Dave Manning is a man who has seen incredibly tough times throughout his life, which reached a critical point when he found himself sitting with his legs dangling off the cliff edge at Beachy Head. He is however, now in the best place mentally he has ever been and is hoping his story can inspire others to open up, seek help and end the stigma of men’s mental health.
Dave endured an abusive relationship for over a decade. He was emotionally and mentally tortured daily, which evolved towards the end as physical abuse too. It started slowly, with questions about why he was late from work rapidly building into more wild claims and accusations that ended up forcing Dave to isolate himself from friends and even quit his career to be closer to home.
He endured this for many years until it got so bad that he would dread coming home. He couldn’t eat, he couldn’t sleep, and after convincing himself that there was nowhere to turn to and that things weren’t going to get any better, Dave packed his bags and travelled to Beachy Head – a place that has a special place in his heart. This was the place he spent many happy times with his grandfather, and throughout his life it has been his ‘thinking spot’. He arrived there in the early hours of the morning, and although he had no conscious intentions while driving there, the darkness and silence were deafening and he was left with his thoughts which quickly turned to blaming himself and asking if he could have done anything different, and even that his children would be better off without him around.
He sat there, legs dangling off the cliff edge, arms locked ready to push, when something caught his attention. It was a pair of plaques. Dave moved away from the edge and went to read them, and found they were dedicated to a father and husband that had jumped very recently – one was from the man’s wife and the other from his children. This really hit him, and he suddenly questioned what he was doing. As he stepped away, he heard a voice. It was a farmer up early to attend his fields. He asked if Dave was okay and asked him to come and sit on a bench with him and talk. Dave broke down to him and the years of bottling it up finally poured out. Before he knew it the police were there. This unsuspecting farmer who was starting his day of work helped to save Dave’s life.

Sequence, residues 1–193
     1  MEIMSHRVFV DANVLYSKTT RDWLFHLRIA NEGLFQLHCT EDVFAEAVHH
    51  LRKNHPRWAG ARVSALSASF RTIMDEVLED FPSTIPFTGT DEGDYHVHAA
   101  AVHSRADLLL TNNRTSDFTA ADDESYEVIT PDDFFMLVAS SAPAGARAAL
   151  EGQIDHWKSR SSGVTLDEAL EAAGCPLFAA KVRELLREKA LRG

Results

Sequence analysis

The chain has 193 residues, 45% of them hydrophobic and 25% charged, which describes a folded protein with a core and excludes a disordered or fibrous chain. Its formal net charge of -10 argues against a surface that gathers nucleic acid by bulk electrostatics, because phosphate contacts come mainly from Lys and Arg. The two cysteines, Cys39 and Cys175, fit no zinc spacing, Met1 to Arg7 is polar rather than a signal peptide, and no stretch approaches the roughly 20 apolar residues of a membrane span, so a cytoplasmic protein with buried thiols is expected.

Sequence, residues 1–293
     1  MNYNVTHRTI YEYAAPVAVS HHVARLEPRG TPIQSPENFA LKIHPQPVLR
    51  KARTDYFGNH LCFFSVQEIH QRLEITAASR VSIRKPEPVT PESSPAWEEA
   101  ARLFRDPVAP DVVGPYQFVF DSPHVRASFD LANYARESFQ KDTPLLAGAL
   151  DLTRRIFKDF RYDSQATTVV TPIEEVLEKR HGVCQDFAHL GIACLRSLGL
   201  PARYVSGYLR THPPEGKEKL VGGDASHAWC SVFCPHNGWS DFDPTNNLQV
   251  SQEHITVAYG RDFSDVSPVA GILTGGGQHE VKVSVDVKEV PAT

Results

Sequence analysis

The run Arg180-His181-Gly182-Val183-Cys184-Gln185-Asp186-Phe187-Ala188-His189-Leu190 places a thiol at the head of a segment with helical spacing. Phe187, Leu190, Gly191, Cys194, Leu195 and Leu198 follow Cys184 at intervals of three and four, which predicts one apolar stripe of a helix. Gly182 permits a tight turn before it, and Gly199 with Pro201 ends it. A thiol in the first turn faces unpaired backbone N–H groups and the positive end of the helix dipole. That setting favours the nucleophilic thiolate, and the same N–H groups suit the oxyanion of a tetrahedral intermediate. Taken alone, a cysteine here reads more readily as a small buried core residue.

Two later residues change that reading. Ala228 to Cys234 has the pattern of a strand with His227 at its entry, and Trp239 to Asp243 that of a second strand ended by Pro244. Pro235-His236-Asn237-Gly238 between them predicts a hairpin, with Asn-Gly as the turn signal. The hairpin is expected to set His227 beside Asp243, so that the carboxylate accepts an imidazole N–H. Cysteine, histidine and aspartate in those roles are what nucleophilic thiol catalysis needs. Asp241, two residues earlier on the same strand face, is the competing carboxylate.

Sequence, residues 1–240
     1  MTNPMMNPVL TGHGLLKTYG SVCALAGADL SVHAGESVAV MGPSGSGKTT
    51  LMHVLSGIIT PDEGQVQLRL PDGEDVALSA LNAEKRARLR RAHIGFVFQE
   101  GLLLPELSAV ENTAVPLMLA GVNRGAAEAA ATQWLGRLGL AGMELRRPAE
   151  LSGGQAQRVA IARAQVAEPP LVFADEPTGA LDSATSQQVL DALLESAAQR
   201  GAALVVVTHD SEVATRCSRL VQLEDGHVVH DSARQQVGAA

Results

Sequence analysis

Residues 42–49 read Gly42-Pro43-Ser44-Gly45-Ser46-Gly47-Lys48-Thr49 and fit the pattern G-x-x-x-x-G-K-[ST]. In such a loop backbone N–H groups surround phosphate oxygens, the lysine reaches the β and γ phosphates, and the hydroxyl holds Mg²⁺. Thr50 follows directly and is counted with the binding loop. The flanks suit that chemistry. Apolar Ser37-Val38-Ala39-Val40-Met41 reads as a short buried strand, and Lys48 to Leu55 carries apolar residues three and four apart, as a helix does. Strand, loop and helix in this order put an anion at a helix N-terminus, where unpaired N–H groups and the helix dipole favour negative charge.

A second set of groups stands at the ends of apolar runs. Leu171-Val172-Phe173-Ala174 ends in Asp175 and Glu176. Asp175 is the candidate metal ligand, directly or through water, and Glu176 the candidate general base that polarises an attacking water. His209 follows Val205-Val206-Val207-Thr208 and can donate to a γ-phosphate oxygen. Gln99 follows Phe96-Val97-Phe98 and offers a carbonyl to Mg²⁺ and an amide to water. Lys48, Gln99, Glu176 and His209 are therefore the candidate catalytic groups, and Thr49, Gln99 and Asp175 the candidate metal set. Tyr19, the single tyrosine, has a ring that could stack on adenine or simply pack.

He eventually left his abusive partner, asked for help and moved away to start a fresh life. Dave now lives in Doddington Park with his supportive partner Julie, of whom he says he couldn’t have done this without. It has been a bumpy road, but Dave finally feels ready to share his story to provide hope and encouragement to others that things do get better. In September 2021, the 10 year anniversary of that night, Dave worked with director Ewan Thomas and the Bourne based Charity ‘Don’t Lose Hope’ to make a short documentary about his story.
The documentary is now being used by the charity within its counselling sessions and within its mental health first aid training courses. Dave has also been fundraising for the charity and has raised over £1000 which will pay for 51 professional counselling sessions and possibly help change or even save a life. Dave wants to not only encourage people, especially men who typically are told to ‘man up’, to seek help but to also encourage us all to reach out to our friends we might not have heard from in a while or haven’t quite seemed themselves recently– it could be lifechanging.
If you’d like to view the short documentary, you can visit www.youtube.com/watch?v=v3MjdlYi7hg or type in On Top Of The World: My Suicide Story on YouTube
To learn more about Don’t Lose Hope you can visit www.dontlosehope.co.uk